I'm not one for looking back. My focus tends to be on the present or the near future - it's where the action is, after all - and I don't much recollect or reminisce.
But I was clearing a cupboard in a bout of clutter-removal and I found a box full of photos and letters. Man, I used to write and receive a lot of letters. Anyway amongst them all I found an old A level submission. The date at the top informed me I'd handed this particular car crash over in January of 1989, six months before I was due to take the final exam. I scored 51%. (Curious, btw, to see anything other than Maths marked in percentages but that was evidently the thing back in the day...) What struck me most was the teacher's neatly pencilled comment at the foot of the piece. I don't remember the teacher in question, but the comment began like this:
"When are you going to start taking this seriously? Your situation is desperate."
It goes on for a few more lines before concluding, "it's a good job marks aren't subtracted for errors or misunderstandings or you would have achieved a negative score." Having marked more than my own fair share of A level work in the thirty years since, I've gotta say I'm impressed by the snarky chutzpah on display here. I don't remember having any concerns or stresses about my studies at the time and I can only assume I took this portentous warning in my stride... which suggests, I guess, that the accusation was fairly levelled.
All of which makes me reflect on the person I am now. I have the draft of a novel due for submission in six weeks or so. Am I, like the eighteen-year-old version of me, blithely swanning on, oblivious to the stress and pressure whilst those around me tear their hair out? No I am bloody not. I'm one-part sleepless to three-parts cacking myself while colleagues and friends assure me everything will be OK. Meanwhile, my inner drama-queen wakes me at three a.m. to remind me my 'situation is desperate.'
Just when the tables turned I can't be sure though I'm guessing it was sometime in my thirties.
The only consolation? Well, I might not remember much about sixth form college, but I remember the grade A I got six months after this particular wrist-slap. Let's hope it's a sign...
My brothers and me been goofing around in our Whatsapp back-and-forths trying to name the ten albums that have most influenced our taste in music. The ones that've most made us the listeners we are today. It's been doing the rounds on Facebook and it's way harder than it seems. We're not sharing good or even great albums necessarily - not all stone-cold history-of-pop classics - just the ten that, rather then end up as dead-ends, opened up long vistas of subsequent discovery.
Example: I love Talk Talk's Spirit of Eden but it's not here 'cos I never spent much time with the rest of the post-rock scene. It's an end, not a beginning for me. On the other hand, some albums prime you for others like gateway drugs; a fortnight after listening to artist A, you might have checked out another five or six bands - like the underground maps you see with the stations replaced by musicians. These gateways tend to come early in life so there's a whole bunch of old in this list; 2007 is the most recent release. That's not to say new gateways aren't possible though - a thrilling prospect, right?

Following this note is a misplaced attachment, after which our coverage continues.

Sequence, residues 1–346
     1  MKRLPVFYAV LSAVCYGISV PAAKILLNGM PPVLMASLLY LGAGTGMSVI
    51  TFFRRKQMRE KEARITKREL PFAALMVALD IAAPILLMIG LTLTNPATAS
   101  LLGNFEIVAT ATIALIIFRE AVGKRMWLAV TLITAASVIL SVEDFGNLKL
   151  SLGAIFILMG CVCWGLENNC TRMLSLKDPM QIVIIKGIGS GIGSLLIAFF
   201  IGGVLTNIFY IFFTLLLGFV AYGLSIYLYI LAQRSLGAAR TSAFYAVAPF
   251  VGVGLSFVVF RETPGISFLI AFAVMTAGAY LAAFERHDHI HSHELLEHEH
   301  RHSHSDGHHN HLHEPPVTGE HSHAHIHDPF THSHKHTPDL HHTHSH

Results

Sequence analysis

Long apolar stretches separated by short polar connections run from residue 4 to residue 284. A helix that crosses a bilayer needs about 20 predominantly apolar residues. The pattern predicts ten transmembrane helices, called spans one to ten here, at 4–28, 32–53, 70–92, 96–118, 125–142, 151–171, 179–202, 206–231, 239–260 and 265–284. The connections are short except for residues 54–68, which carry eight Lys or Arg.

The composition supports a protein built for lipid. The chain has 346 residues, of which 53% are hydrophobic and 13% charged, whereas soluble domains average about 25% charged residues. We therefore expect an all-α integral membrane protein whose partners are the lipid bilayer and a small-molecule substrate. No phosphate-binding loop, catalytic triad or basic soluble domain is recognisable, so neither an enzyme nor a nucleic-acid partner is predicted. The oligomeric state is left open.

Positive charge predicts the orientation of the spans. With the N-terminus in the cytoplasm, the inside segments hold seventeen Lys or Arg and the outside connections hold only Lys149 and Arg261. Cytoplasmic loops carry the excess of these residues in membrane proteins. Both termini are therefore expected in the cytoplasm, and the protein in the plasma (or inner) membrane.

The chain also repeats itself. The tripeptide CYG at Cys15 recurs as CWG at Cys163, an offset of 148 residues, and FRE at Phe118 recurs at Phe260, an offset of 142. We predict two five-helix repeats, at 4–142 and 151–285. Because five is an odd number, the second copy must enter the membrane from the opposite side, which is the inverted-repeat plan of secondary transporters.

Mostly these days I'm about hip-hop, electronica, lo-fi, art-rock and alt-folk - genres with hyphens in them basically. So here are my ten. For reasons that now seem wilful, I decided to limit myself to stuff I still had physical CD copies of. Sometimes I hate myself.
Without Low End Theory, I wouldn't have found Digable Planets, Mos Def, Jurassic 5, Dilated Peoples, The Roots, Common, NAS or Aesop Rock so I owe Tribe Called Quest (and De La Soul) for that. Without The Blue Aeroplanes' Swagger - or, say, The Smiths' Hatful of Hollow - I wouldn't have found I dunno, hundreds of bands; The Shins, Death Cab for Cutie, Art Brut, The National, Dirty Projectors... and Future Sound of London's ISDN opened up a world of sequencers, sampling, beats and bleeps; from there I got to Orbital, RJD2, DJ Shadow, The Avalanches, Four Tet, Superflu, Quantic, Bonobo and dryhope.
The Hold Steady's Boys and Girls in America opened the door to Titus Andronicus, The Japandroids, Drive-by Truckers, Richmond Fontaine... Grant Green introduced Blue Note records, be-bop, hard bop and more hyphens besides (Lee Morgan, Dexter Gordon, Miles Davis, John Coltrane, Art Blakey); Scritti Politti's Green Gartside was all philosophical and literate when I was just a dumb kid. Without him I'd not have been primed and ready for Prefab Sprout, Orange Juice and Aztec Camera, Lloyd Cole, Elvis Costello or The Pet Shop Boys; Branford Marsalis' work on James Horner's score for Sneakers got me into soundtracks. (An aside: Spotify tells me I'm amongst Thomas Newman's top 1% of listeners. Jeez.)
Joni Mitchell's Hejira (or Blue, Hissing of Summer Lawns, Don Juan's Reckless Daughter...) was my introduction to confessional singer-songwriter stuff - Tom Waits, Ryan Adams, Joanna Newsom, Kurt Vile and Agnes Obel all came after; Crowded House's Temple of Lo Men, an unashamedly commercial album, marked the start of my predilection/obsession for guitars and melodic choruses - the likes of Shack, Ash, Foo Fighters, Kooks, Honeyblood and Bad Moves all followed... and without The Lilac Time I would never have figured out who Nick Drake was, let alone discovered James Blackshaw, Anais Mitchell or The Wood Brothers.